This summer, I am color-curious. I look out my living room window to the meadow and woods beyond. I congratulate myself for getting through the drab, bare winter into the spring that exploded with golden forsythia, and now unfolds to summer surrounded by all shades of verdant green.  I watch the jays flit and dip from branch to branch and then to the rail fence.  How did they get so blue? Who decided this would be a good color for them?  And the cardinals – bright red males and the beautiful dusky red females – who created that hue for them?  Are the sparrows, crows, and doves jealous? Do they yearn for a splash of bold color?  After a little research I found that blue jay feathers contain melanin, the brown pigment which is also responsible for human skin tone.  The blue color we see is caused by light scattering through cells on the surface of the feather barbs like magic. For the cardinals, their color also comes from melanin, but their red hues come from the chemical compounds, porphyrins and carotenoids.  I was so mesmerized by the science of color that I wondered about humming birds – how can that miracle be explained color-wise? Well, the hummingbird have special melanosomes, structures within a cell that store and synthesize melanin.  The hummingbird’s melansomes are shaped like pancake and contain many tiny air bubbles, which create a complex and multifaceted surface.  When light reflects and bounces off those surfaces, it produces iridescence. And this, along with nature’s abundant wonders, is  what makes humming so much more colorful than other birds.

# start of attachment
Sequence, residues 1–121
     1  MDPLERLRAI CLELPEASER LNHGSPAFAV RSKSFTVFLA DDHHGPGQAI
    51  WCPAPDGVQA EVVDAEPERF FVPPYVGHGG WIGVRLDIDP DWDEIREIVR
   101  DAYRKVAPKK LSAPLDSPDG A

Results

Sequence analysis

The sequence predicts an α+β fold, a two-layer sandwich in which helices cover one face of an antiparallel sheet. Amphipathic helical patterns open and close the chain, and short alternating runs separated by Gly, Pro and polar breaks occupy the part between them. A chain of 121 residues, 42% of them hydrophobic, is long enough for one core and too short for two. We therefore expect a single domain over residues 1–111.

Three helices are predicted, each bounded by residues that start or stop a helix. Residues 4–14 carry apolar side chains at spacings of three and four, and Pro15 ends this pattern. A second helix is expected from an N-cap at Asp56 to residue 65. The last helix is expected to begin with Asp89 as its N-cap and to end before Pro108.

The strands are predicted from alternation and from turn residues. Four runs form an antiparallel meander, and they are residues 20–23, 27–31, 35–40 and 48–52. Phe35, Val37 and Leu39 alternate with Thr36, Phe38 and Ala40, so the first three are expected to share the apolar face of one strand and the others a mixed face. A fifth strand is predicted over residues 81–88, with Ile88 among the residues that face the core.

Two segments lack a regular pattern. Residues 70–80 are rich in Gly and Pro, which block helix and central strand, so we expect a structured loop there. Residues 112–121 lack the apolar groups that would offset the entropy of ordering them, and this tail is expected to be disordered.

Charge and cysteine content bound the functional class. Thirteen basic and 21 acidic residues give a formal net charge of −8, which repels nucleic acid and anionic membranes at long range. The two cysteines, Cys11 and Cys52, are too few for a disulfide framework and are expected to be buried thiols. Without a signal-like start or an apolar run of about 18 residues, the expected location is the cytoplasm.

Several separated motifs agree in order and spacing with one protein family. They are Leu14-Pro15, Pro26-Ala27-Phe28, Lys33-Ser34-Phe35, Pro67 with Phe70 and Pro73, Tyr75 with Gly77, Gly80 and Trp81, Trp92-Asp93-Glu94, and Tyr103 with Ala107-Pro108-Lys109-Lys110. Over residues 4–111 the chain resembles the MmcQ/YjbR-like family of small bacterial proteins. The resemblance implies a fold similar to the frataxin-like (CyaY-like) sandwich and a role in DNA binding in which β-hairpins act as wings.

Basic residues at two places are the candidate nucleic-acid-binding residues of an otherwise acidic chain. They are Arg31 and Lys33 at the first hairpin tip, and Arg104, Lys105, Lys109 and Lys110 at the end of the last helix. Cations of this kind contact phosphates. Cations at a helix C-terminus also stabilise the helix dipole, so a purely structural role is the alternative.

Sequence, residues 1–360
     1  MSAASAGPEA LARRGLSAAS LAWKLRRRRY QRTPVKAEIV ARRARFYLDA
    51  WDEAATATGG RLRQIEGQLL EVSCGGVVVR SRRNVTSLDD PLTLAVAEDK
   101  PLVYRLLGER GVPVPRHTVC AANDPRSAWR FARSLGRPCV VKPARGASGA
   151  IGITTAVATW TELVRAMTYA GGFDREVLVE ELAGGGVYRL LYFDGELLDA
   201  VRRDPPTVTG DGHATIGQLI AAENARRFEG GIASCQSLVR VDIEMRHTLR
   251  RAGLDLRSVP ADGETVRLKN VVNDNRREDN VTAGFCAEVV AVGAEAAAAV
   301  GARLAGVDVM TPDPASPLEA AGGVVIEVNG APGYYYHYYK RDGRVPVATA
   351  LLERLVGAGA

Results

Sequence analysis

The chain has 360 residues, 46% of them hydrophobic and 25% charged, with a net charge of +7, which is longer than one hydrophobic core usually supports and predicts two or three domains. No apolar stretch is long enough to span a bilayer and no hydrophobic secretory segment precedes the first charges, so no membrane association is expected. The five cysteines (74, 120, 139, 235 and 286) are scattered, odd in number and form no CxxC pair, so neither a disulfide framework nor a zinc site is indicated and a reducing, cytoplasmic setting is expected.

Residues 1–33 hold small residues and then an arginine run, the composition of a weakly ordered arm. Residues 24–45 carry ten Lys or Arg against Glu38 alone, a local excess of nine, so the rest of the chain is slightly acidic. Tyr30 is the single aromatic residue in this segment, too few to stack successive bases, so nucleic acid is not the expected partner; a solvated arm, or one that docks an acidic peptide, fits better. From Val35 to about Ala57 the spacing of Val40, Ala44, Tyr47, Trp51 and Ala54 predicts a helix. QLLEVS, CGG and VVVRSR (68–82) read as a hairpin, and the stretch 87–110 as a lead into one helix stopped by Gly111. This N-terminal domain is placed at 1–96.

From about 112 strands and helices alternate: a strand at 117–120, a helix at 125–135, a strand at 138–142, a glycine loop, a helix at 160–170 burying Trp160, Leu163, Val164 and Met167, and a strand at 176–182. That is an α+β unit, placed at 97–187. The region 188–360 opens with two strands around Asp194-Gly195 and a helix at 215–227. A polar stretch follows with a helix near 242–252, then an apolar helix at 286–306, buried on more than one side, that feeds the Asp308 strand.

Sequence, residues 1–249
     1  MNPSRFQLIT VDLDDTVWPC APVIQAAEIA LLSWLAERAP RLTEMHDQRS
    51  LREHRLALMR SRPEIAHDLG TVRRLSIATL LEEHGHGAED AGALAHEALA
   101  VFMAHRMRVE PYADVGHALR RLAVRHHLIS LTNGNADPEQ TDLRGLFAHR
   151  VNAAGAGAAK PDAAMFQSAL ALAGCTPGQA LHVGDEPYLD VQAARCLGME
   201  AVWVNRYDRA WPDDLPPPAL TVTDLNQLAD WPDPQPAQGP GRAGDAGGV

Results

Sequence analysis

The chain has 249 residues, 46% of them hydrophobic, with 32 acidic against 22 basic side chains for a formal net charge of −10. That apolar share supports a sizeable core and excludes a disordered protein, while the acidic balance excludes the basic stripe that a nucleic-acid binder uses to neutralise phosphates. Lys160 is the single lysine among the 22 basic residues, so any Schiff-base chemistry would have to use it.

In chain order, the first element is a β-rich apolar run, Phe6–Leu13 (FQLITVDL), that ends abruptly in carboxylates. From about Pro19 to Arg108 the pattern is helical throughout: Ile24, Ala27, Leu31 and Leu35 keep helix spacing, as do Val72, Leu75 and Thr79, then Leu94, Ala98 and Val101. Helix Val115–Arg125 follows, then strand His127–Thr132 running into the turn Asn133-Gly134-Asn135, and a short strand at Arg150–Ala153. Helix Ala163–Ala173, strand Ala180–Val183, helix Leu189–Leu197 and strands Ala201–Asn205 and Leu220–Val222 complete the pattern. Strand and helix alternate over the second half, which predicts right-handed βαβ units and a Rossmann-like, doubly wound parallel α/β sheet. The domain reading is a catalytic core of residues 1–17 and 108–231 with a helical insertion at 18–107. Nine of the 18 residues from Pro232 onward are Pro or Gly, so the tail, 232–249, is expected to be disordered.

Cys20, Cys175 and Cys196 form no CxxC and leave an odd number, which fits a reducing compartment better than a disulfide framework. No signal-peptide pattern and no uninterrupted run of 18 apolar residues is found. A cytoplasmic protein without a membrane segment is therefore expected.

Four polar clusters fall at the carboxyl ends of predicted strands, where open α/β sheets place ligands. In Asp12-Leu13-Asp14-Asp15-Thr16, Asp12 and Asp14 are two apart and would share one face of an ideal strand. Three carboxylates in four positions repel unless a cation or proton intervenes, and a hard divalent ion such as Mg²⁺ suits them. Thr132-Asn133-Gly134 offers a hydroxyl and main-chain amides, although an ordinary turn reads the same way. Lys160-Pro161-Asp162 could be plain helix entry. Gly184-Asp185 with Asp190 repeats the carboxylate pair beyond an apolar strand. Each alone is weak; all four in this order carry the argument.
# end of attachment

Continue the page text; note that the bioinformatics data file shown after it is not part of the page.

I have always been color-curious.  As a little girl, I’d marvel for hours at a new big box of 120 Crayola crayons.  I wouldn’t want to use them and dull their points.  I just wanted to ponder their lovely colors, sort them by hue, pair them with shocking opposites. I loved the special names given to the colors.  They were like poetry to me.

Crayola Rhythm

Fuchsia
Flamingo
Carnation
Strawberry
Rose
Orchid
Plum
Thistle
Mulberry
Geranium
Vermillion
Madder Lake
Chestnut
Sunset
Bittersweet
Tumbleweed
Tangerine
Mango
Melon
Apricot
Peach
Banana
Maize
Goldenrod
Dandelion
Canary
Spring Green
Inchworm
Asparagus
Fern
Forest
Shamrock
Pine
Sky
Robin’s Egg
Aquamarine
Cerulean
Pacific
Periwinkle
Cornflower
Wisteria
Violet
Lavender
Indigo
Cobalt
Midnight
Celestial
Shadow

The whole world, as we experience it visually, comes to us through the mystic realm of color.  Our entire being is nourished by it.  This mystic quality of color should likewise find expression in a work of art. – Hans Hofman

This summer, I have found myself attracted to a local garden.  I am lucky that I can return again and again each week to witness the radiant changes.  I’ve been taking early morning walks along the gravel paths trying to spy new vegetation.  Each time, I am surprised. Abstract Expressionist artist, Hans Hofman, had once said,“ In nature, light creates the color, in the picture color creates the light.”  As a photographer, I am continually playing with how color and light fill the picture, how shadows play upon surfaces, how the color is muted or brightened, how it pleases the eye. 

Mystic Garden

Color-Curious

White, black, gray
What if...
What if the world
Was just that clear?
White, black, gray.
No diving jays,
No swaying tiger lilies,
No yellow heads
Of the dandelions
Emerging from cracks
In city sidewalks.
Only a  world 
of shadows and light 
Colorless ---
Until we see
The possibilities.
Until we pause to ponder 
The tiny hummingbird
Sipping nectar
From wild lupines and 
Purple-pink petunias.
Until we see beyond
White, black, and gray.